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Big League Stew

Edwin Encarnacion clubs two homers in same inning, including grand slam

Mark Townsend
Big League Stew

All-Star Edwin Encarnacion made Toronto Blue Jays history on Friday night when he became only the second player in their almost 37 year existence to hit two home runs in the same inning.

On Oct. 3, 1993, Joe Carter became the first Jay to turn the trick in their regular season finale against the Baltimore Orioles. Obviously that would soon become overshadowed by a slightly more important home run — Carter's walkoff homer against Mitch Williams in Game 6 of the World Series that clinched back-to-back world championships for Toronto.

Despite high expectations entering the season, Encarnacion likely won't have the opportunity to match Carter's postseason heroics, but equaling the two homer inning during their eight run seventh inning rally against the Houston Astros is a nice consolation. The 30-year-old designated hitter started the rally with a solo homer leading off against Paul Clemens. Eight batters and three runs later, he found himself at the dish again, this time with the bases loaded, and he connected for a grand slam off Hector Ambriz.

For Encarnacion, the home runs were No. 27 and 28 on the season. The first was immediately followed by an Adam Lind home run that tied the game at six and officially got struggling starter R.A. Dickey off the hook. The Blue Jays also received home runs from Brett Lawrie and Jose Reyes in the runaway win. Reyes would finish a triple shy of the cycle.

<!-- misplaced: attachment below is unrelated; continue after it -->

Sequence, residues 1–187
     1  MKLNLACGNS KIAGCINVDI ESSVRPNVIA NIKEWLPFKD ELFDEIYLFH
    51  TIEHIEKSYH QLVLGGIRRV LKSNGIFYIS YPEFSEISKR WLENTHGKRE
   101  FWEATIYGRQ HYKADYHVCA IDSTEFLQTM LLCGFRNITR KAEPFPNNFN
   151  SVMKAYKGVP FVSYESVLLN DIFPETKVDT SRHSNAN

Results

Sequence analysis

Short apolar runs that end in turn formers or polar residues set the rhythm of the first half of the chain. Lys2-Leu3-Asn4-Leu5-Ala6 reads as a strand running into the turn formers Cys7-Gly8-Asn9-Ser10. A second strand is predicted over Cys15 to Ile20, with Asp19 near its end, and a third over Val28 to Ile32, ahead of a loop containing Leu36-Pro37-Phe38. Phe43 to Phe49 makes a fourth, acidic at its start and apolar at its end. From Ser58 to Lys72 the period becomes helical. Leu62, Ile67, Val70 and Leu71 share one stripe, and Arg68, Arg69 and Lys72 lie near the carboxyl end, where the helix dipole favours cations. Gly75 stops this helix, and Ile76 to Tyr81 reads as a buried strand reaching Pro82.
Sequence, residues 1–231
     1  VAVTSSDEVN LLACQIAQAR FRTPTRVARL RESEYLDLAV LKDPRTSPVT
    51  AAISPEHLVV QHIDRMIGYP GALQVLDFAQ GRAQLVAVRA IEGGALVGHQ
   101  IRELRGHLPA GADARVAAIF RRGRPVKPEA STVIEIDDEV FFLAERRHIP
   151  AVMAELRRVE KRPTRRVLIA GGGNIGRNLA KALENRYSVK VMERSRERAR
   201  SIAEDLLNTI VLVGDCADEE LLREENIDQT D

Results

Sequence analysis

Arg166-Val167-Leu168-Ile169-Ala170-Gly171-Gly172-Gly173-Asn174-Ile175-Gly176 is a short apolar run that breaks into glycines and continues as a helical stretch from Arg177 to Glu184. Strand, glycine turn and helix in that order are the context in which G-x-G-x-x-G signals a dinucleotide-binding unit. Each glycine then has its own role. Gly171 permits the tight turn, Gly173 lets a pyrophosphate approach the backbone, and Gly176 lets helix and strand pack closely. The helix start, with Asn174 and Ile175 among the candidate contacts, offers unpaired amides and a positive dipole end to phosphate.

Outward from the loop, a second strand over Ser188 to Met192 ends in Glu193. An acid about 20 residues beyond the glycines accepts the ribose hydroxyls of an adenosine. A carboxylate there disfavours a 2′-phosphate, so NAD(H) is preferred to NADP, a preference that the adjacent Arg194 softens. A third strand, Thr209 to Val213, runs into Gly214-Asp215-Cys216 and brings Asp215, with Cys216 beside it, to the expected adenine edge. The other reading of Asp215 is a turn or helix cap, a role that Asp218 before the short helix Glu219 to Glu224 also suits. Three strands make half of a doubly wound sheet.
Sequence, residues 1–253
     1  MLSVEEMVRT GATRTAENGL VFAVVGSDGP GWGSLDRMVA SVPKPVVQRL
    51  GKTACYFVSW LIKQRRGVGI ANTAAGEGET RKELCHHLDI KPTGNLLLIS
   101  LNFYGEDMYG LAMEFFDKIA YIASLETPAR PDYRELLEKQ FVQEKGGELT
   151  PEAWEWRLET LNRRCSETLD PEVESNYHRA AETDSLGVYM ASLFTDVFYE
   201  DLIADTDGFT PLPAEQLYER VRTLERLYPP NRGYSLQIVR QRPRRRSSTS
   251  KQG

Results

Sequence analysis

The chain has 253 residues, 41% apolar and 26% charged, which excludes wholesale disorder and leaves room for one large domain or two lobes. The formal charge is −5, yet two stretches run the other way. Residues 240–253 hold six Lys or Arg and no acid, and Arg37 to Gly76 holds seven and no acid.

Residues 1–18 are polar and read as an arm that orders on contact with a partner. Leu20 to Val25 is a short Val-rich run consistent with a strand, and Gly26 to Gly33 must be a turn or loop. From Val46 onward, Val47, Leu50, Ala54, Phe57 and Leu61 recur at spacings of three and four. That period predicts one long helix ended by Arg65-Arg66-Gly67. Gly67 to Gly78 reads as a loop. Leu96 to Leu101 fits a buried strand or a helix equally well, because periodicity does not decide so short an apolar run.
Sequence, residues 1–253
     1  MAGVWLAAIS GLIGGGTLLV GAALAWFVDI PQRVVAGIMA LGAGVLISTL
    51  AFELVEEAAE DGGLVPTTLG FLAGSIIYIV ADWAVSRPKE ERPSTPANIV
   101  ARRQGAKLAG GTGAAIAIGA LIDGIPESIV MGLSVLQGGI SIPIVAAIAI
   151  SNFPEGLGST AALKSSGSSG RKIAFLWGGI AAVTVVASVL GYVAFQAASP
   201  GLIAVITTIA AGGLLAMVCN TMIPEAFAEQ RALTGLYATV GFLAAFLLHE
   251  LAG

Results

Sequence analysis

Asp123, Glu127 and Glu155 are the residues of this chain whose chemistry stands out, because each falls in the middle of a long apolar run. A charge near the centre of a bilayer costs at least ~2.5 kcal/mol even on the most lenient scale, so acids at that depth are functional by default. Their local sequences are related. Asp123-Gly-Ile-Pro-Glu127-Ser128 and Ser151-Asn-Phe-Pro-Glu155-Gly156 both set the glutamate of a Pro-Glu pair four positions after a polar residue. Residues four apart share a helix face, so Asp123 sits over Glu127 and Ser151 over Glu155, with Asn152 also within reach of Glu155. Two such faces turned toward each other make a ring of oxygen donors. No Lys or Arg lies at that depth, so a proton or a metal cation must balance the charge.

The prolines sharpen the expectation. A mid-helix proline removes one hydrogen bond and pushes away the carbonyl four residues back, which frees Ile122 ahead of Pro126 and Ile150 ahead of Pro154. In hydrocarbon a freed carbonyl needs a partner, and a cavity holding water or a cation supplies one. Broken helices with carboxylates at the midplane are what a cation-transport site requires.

Speaking of cycles, Encarnacion's unlikely achievement also adds to the unusual list of events that have happened to the Astros over the past eight days. In a span of 24 hours last weekend, they managed to drop two games to the Seattle Mariners despite one of their players making or flirting with their own piece of history. On Friday, outfielder Brandon Barnes hit for the cycle in a losing effort. Then on Saturday, Erik Bedard tossed 6 1/3 hitless innings, and was the losing pitcher on the hill.

Without question those are two rare occurrences with unlikely outcomes. In this case, the outcome was predictable with Toronto surging ahead and coming out on top 12-6, but that's probably because we just assume the Astros will end up on the wrong side of history every time they're involved in it.

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